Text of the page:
Following this, if you’re still uncertain as to which keywords to use, then you could also read other job adverts similar to your skills and experience. Is there a particular word they all use to describe the vacancy?

Are there two different words that ultimately mean the same? For example – internet marketing or digital marketing. Lastly, the very popular website ‘Indeed’ has a useful Job Trends Tool which can be used to find the latest job vacancy trends and to see the keywords which are most popular.

So how can you use these keywords in your CV?

CV exampleFirst of all it’s important to start with how not to use them, to help prevent you from making any mistakes. If you are considering padding and filling your CV full of keywords so the Applicant Tracker will find it, then this is your first mistake. Packing your content full of keywords is how it used to be for the SEO experts so they can rank highly on search engine algorithms, but unfortunately it spoils the content itself and doesn’t make for very interesting reading. Good content is equally as important as good keywords, and your CV is no exception.

You must remember that as soon as the tracker has found your CV, there will be a manager now reading through it. So for obvious reasons your CV still needs to remain presentable, interesting, engaging and relevant to the role you are applying for. So when it comes to applying keywords to your CV you don’t have to be afraid of using them, but make sure they are strategically placed. They have to fit into your content with ease, without overusing them. Make sure you proofread your CV thoroughly once you’ve added these keywords to make sure it still flows, and that the use of these words hasn’t been overdone and don’t stick out and become obvious to the reader.

Here’s a comprehensive guide on how and where to use keywords in your CV:

  • Consider using keywords and phrases in your CVs headings, titles and any sub-headings. For example – ‘Personal Profile’.
  • Use keywords in the skills segment of your CV. This may be for example, ‘Typing speed 60wpm, Word, Excel, organisation skills.
  • Consider adding your keywords in bold text. You do have to be careful not to overdo this however, but it’s worth noting that during the early selection process the employer will most likely just give your CV a quick glance whilst at the same time searching for an indication that your CV matches the job description. So you are basically making it much easier for the employer to find what they’re looking for.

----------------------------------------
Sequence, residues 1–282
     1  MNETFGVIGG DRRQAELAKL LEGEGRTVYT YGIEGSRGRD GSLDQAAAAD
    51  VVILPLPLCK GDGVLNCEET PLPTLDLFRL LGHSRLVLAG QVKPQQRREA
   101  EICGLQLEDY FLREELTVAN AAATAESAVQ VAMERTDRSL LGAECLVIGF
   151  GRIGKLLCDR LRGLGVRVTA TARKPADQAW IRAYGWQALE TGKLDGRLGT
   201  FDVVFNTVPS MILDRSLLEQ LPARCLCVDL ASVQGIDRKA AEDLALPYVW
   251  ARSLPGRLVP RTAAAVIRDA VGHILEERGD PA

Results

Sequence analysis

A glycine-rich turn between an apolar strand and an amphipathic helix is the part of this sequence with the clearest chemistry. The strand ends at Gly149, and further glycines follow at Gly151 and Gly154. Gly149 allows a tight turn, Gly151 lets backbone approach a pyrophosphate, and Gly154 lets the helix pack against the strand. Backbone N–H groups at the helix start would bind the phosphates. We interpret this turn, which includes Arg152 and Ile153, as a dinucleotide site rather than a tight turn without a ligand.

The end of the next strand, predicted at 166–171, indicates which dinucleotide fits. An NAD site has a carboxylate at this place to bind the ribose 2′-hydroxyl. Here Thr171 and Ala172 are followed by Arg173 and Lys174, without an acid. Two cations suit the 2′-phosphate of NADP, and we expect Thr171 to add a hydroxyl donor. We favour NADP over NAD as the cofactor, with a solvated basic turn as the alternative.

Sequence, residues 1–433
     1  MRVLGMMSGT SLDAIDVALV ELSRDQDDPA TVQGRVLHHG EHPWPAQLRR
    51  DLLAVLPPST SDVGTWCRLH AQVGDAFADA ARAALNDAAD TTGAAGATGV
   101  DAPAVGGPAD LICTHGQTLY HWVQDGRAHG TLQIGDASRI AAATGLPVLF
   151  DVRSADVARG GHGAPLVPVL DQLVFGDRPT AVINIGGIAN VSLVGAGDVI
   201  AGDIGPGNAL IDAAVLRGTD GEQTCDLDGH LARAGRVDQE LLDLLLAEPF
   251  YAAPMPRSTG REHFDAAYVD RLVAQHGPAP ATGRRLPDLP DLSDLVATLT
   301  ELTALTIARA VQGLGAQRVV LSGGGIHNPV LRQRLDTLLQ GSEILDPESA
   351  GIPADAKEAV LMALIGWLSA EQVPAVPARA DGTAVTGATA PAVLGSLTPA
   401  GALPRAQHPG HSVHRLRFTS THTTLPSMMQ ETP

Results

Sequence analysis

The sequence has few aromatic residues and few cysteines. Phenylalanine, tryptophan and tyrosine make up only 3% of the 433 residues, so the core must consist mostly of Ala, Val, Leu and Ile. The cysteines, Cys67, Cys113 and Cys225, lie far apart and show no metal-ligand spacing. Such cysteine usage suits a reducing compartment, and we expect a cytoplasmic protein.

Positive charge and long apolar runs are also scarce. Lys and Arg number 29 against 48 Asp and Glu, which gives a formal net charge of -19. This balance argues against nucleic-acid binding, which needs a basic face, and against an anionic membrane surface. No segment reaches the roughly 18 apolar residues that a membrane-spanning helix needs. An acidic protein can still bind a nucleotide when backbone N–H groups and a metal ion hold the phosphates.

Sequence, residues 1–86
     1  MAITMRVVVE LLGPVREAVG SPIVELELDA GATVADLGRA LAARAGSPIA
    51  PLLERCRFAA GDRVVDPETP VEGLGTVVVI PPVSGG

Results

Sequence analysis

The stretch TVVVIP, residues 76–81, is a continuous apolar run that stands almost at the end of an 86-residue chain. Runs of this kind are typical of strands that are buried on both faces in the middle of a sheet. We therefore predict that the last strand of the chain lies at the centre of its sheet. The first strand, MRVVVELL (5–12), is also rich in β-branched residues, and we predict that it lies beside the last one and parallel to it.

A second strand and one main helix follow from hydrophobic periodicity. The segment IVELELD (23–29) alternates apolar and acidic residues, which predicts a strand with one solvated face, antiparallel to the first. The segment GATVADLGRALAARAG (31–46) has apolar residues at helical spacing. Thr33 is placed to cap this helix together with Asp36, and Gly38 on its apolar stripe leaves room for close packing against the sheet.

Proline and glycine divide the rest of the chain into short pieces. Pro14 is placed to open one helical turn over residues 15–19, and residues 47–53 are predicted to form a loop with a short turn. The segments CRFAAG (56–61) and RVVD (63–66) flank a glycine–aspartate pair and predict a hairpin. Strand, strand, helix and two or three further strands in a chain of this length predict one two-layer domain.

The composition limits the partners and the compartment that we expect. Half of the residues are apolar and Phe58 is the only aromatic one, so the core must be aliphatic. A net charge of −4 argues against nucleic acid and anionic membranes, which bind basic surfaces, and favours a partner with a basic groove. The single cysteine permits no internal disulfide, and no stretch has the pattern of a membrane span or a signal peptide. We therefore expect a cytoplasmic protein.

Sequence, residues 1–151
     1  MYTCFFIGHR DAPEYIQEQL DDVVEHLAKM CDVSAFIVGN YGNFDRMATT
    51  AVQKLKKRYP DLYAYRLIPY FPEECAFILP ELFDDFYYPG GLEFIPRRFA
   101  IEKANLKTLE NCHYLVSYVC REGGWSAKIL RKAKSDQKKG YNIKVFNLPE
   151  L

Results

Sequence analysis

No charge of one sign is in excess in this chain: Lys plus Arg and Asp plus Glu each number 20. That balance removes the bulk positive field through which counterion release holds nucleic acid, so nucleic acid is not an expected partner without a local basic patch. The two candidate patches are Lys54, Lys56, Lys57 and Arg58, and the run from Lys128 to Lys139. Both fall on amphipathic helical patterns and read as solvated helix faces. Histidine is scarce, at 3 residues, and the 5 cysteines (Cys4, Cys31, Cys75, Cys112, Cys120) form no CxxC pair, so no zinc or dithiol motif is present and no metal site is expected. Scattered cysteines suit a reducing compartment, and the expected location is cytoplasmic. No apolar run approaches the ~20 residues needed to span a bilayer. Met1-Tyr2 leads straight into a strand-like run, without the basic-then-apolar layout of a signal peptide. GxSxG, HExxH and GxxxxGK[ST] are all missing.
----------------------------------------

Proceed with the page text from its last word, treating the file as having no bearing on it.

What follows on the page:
• Try it for yourself, and give your CV a quick proofread after you’ve added some of the keywords in bold. How quickly does it catch your eye? You could also get a friend to do the same.
  • Match the wording of the job advert in your CV and covering letter – job ads are always clear and concise, and straight to the point.
  • Use well known and appropriate industry-specific words and/or phrases.
  • Always write your CV to reflect the role you are applying for, rather than attempt to make it very generic. Employers will see right through fluffy generic CVs.
  • If you are looking to change careers, don’t forget that it’s important to select keywords that are applicable to your new targeted role and not your previous role.

Finally, after all of our great advice, if you are still struggling to find the right keywords then don’t hesitate to get in touch with a friend or someone you know who is a manager. Our advice would be to always get a second or even third opinion on your CV overall, and not just for the keywords you use.

Have you seen these?

Leave a Reply

Your email address will not be published. Required fields are marked *